DEMON – Cemetery Junction (Album Review)

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Demon Cemetery JunctionDemon formed in the UK in 1979 and their 1981 debut, Night Of The Demon, is renowned for being a classic New Wave of British Heavy Metal album.

Whilst rarely mentioned in discussions about the top bands of the genre, they can definitely eat at the top table with the likes of Diamond Head and Tygers Of Pan Tang.

Since then, Demon have released albums at regular intervals, (apart from a 1992 – 2001 hiatus) culminating in their 13th studio disc, Cemetery Junction, out via Plastic Head Distribution.

You could hardly call Demon a stable band, having had a stupendous 27 members past and present but the constant throughout their existence is vocalist Dave Hill, who maintains the sound and spirit of the band to this day.

This spirit is none more apparent than in the opening track, “Are You Just Like Me (Spirit Of Man)”, which would fit snugly onto Night Of The Demon without feeling out of place. Hill’s vocals have a unique depth which is very recognizable and comfortably familiar.

Despite the NWoBHM feel at the beginning, the rest of the album has a more smoothed out melodic rock sound with a coating of prog.

Many songs, including “The Best Is Yet To Come” are keyboard driven, but not in a bad way. They add a nice melodic depth to the songs and Karl Waye does a fine job in that department.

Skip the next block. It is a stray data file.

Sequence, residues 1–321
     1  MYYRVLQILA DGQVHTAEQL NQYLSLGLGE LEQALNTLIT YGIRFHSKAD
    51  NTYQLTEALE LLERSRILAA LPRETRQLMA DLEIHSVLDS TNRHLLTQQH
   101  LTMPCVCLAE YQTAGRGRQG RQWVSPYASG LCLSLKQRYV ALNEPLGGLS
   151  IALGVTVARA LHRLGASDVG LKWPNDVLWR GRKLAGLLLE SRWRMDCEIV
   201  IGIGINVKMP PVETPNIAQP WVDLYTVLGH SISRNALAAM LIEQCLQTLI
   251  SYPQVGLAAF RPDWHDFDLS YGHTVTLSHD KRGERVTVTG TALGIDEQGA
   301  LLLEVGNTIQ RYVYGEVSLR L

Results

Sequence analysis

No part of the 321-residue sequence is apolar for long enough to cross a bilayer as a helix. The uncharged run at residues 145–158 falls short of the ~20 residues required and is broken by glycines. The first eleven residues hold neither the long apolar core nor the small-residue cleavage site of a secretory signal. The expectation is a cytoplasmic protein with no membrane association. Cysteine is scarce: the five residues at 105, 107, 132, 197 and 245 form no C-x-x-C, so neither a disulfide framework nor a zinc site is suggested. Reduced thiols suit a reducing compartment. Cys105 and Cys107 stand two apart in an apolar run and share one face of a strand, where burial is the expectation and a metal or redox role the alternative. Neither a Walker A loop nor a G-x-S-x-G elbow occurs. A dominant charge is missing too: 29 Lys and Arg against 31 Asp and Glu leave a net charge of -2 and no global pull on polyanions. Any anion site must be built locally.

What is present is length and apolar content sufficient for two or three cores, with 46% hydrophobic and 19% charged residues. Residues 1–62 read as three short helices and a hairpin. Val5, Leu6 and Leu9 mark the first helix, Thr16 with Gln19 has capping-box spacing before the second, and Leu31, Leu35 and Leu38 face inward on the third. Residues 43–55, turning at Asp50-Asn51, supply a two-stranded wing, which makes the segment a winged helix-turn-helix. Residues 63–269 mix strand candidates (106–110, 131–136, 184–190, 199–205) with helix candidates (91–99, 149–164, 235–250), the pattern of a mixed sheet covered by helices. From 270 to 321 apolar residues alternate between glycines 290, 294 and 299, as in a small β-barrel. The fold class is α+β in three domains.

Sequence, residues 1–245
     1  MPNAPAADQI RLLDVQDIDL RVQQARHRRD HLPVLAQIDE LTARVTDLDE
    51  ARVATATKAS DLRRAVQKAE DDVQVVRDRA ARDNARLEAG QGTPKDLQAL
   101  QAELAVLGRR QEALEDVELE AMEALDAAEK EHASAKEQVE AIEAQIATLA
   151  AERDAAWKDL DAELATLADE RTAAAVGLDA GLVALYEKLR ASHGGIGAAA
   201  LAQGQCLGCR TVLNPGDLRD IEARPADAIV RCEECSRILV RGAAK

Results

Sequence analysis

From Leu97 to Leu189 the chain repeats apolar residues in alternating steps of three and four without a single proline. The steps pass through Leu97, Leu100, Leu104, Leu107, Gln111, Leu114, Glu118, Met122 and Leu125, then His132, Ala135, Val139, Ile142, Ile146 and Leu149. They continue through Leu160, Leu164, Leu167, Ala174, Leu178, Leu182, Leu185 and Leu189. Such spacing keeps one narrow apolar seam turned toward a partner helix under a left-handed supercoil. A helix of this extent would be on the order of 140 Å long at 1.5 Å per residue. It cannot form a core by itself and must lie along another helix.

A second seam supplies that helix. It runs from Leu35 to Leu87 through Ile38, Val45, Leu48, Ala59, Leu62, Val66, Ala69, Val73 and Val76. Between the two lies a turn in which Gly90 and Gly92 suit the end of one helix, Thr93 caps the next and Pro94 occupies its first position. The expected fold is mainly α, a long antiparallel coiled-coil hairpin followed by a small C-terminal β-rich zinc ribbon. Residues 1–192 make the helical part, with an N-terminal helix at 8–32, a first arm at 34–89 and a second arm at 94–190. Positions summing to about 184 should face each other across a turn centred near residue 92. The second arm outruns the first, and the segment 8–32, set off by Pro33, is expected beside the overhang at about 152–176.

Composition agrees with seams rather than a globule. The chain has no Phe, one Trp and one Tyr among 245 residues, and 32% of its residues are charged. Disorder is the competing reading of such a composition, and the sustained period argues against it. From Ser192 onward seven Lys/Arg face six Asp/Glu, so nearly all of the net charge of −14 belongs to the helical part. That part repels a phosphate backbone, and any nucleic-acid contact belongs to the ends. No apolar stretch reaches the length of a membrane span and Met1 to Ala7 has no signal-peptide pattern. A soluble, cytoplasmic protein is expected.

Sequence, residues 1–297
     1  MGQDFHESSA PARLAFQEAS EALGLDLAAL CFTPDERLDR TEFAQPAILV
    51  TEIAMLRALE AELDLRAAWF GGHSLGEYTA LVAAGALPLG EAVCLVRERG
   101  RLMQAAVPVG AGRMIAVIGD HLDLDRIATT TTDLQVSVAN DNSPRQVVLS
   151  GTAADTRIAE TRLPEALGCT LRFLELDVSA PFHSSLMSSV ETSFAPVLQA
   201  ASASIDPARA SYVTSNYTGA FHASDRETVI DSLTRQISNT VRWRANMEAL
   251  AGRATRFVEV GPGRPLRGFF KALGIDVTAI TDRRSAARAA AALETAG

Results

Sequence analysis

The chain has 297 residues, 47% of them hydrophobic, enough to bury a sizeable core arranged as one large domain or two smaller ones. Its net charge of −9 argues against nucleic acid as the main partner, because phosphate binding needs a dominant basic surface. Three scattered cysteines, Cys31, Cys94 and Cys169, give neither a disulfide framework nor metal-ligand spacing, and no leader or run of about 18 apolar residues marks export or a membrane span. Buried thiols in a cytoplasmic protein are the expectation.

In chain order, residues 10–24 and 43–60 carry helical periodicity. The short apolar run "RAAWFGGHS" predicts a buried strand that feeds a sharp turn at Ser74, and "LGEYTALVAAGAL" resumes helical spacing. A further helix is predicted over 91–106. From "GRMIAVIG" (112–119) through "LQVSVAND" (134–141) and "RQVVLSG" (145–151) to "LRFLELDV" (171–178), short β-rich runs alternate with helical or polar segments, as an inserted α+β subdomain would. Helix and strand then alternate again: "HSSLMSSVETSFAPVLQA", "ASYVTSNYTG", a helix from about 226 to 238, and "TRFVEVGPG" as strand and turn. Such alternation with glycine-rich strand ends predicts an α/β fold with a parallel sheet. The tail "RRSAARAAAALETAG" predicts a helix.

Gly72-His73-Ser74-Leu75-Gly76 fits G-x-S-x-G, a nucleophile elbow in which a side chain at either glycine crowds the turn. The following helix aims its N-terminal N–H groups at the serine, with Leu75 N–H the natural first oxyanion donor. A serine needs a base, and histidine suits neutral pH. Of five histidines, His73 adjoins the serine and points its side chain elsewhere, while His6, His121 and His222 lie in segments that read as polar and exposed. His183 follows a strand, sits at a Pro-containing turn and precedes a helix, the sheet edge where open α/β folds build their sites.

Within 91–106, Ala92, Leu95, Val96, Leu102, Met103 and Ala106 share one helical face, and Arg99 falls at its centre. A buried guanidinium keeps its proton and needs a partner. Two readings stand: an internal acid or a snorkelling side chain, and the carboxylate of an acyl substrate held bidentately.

demon_no_logo_4_darker_121126202043Quality guitar work is also in attendance, courtesy of David Cotterill and Paul Hume, both on lead and rhythm duties. There are 2 good solos on “Turn On The Magic”.

Cemetery Junction weighs in at 56 minutes and I feel that they could have jettisoned a couple of songs which I feel are ploddy and formulaic (“Drive” and “Out Of Control”) but overall there is plenty to keep your attention.

“Queen Of Hollywood” is an interesting song. It first appears to have not much going for it, coming over as slow and dull, but then it draws you in and becomes an atmospheric tale of said queen.

Hot on the heels of “Queen Of Hollywood” comes “Thin Disguise”, an emotional piece of self-analysis.

“Someone’s Watching You” is a fitting end to the album, encompassing all that is Demon. Atmosphere and emotion are present in boat-loads here, a number to get really lost in.

Cemetery Junction may not hit the heady heights of the early 80’s but is a good, solid melodic rock album, albeit with more melody than rock, but enjoyable nonetheless.

BUY: CEMETERY JUNCTION

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